Bombay High Court Refers Key Questions on Revocation of Probate to Larger Bench

Mainstream
18-Jun-2024
blog-img

The Bombay High Court has referred critical questions regarding the interpretation of Section 263 of the Indian Succession Act, 1925, to a larger Bench. This section pertains to the grounds on which the probate of a will can be revoked or annulled for a 'just cause'. 

Justice Manish Pitale's June 10 order addresses whether the explanations under Section 263 are exhaustive or merely illustrative. The specific questions referred are:

1. Whether explanations (a) to (e) to Section 263 of the Indian Succession Act, 1925, are exhaustive or illustrative regarding the "just cause" for revoking or annulling a grant of Probate or Letters of Administration.

2. Whether circumstances not covered under these explanations can constitute "just cause" for the Court to revoke or annul the grant of Probate or Letters of Administration.

3. Whether the judgments in George Anthony Harris vs. Millicent Spencer (1933) and Sharad Shankarrao Mane vs. Ashabai Shripati Mane (1997) represent the correct position of law.

The issue arose from a probate granted to a respondent concerning the assets of Rajesh Chowdhary, who died in July 2020. The petitioner, Chowdhary's brother, contested the grant, alleging that it was defective because the will was executed under suspicious circumstances. The petitioner argued that his caveat was dismissed due to procedural errors and should not bar his challenge.

The respondent countered that the grounds for revocation cited by the petitioner were not among those enumerated in Section 263, arguing that the section's illustrations were exhaustive. The respondent relied on precedents from the Bombay High Court, specifically the cases of Bal Gangadhar Tilak vs. Sakwarbai, George Anthony Harris vs. Millicent Spencer, and Sharad Shankarrao Mane vs. Ashabai Shripati Mane.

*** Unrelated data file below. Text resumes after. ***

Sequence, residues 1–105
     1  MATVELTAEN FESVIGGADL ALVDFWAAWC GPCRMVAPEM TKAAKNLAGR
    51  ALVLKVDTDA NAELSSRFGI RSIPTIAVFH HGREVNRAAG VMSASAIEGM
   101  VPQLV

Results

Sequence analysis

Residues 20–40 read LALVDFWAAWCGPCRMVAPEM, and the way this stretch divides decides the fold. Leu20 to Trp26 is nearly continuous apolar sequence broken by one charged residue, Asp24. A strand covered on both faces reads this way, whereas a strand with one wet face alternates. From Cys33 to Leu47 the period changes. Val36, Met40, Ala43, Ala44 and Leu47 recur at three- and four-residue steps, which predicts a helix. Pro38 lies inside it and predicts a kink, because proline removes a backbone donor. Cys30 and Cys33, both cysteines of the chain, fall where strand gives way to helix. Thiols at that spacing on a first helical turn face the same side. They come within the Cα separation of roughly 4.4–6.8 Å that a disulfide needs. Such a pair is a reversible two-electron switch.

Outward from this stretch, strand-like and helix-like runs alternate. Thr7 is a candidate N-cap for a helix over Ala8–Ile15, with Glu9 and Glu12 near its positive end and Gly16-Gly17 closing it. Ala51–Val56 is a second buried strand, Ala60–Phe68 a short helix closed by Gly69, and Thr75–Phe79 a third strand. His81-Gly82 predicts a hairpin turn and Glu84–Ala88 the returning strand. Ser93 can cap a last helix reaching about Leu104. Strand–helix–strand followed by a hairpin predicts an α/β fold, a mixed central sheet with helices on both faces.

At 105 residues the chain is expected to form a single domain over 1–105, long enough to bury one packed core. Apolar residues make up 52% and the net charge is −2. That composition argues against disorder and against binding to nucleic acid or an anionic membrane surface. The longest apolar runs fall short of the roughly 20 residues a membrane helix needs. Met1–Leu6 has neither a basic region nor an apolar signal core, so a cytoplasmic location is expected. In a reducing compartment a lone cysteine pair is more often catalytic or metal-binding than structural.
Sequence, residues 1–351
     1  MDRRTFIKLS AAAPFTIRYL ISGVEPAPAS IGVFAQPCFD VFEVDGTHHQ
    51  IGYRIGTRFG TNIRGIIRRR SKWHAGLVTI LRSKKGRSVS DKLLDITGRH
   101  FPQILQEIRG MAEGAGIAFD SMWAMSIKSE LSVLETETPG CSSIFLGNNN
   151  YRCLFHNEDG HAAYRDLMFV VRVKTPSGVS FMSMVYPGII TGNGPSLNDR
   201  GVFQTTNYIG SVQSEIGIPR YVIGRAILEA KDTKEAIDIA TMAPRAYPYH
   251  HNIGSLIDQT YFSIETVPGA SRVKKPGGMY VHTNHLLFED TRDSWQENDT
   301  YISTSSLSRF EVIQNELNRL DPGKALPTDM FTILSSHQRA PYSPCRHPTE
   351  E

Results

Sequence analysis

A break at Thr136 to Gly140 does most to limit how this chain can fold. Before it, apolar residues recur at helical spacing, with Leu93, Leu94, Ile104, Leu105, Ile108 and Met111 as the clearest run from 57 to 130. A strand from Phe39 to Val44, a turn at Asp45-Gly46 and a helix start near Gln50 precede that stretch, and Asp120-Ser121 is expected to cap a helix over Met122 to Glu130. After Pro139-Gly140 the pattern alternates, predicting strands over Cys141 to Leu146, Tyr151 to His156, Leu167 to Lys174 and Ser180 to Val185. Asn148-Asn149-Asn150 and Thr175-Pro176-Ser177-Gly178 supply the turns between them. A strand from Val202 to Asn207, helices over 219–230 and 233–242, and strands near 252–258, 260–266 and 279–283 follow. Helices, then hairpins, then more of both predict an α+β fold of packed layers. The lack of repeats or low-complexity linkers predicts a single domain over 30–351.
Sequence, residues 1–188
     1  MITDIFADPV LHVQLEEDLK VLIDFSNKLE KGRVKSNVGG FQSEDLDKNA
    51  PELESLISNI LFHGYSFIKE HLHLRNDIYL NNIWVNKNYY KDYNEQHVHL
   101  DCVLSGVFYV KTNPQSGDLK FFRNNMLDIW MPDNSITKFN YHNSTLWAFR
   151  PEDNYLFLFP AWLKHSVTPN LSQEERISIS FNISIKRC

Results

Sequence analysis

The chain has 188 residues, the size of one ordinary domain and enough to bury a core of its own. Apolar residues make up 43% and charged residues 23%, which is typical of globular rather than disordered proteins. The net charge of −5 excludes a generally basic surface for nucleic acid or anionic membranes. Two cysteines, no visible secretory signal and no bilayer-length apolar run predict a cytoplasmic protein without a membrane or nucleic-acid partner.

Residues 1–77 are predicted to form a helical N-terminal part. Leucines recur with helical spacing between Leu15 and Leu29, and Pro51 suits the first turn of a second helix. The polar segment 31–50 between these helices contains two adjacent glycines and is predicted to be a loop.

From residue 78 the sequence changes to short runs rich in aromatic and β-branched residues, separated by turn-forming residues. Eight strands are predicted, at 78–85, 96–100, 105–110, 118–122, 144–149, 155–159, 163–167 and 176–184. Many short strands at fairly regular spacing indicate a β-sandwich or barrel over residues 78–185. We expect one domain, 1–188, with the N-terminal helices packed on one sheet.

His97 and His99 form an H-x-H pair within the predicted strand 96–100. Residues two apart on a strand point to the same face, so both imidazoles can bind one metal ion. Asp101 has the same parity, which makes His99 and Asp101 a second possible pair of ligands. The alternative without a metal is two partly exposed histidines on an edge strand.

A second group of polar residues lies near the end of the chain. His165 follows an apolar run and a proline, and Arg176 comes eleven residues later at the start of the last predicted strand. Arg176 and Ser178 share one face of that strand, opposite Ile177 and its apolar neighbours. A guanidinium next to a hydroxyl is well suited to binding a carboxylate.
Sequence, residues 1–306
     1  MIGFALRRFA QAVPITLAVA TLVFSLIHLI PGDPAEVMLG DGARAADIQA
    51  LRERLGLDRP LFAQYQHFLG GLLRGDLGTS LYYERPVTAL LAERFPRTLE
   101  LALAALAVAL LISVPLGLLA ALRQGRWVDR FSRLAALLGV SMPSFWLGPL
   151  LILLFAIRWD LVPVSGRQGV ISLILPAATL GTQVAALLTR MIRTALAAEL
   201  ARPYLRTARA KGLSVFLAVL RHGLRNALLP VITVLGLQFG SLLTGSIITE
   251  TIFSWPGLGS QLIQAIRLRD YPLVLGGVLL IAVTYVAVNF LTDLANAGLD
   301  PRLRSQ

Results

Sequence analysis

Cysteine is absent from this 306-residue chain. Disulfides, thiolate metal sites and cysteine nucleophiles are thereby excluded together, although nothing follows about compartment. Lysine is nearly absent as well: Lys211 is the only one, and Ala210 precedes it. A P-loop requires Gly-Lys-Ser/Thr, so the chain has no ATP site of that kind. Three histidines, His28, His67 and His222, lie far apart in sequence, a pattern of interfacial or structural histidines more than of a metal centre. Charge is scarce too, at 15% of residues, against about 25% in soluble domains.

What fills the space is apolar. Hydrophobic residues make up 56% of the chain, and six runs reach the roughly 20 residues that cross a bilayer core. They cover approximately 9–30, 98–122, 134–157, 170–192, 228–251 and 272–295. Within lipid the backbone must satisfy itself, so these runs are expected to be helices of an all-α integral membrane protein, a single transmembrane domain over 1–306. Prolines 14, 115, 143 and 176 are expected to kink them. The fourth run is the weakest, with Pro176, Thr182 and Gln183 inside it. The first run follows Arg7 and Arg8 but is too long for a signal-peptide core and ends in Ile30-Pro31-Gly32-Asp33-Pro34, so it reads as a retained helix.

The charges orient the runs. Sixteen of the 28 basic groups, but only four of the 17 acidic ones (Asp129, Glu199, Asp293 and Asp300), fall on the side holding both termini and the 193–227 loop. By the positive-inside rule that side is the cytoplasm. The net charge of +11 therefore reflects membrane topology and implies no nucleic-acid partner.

Conversely, the petitioner referenced contrary decisions from the Madras High Court and the Supreme Court, which suggested that the explanations under Section 263 are illustrative, allowing for broader judicial discretion.

Justice Pitale observed a significant shift in legislative language from the earlier Indian Succession Act of 1865, which used the phrase "just cause is..." compared to the 1925 Act's "just cause shall be deemed to exist where...". He inferred that this shift indicates a non-exhaustive approach, aligning with the broader interpretations by the Madras High Court and the Supreme Court.

Given the conflicting judicial interpretations and his disagreement with co-ordinate Bench decisions, Justice Pitale concluded that an authoritative resolution by a larger Bench is necessary. He directed the registry to place the matter before the Chief Justice for assignment to a larger Bench.

Until the petition is finally resolved, the effect of the probate granted to the respondent has been stayed.

This decision underscores the importance of clear legal standards in probate matters, potentially impacting how courts across India interpret the revocation of probate under the Indian Succession Act.

Author: Anushka Taraniya

News writer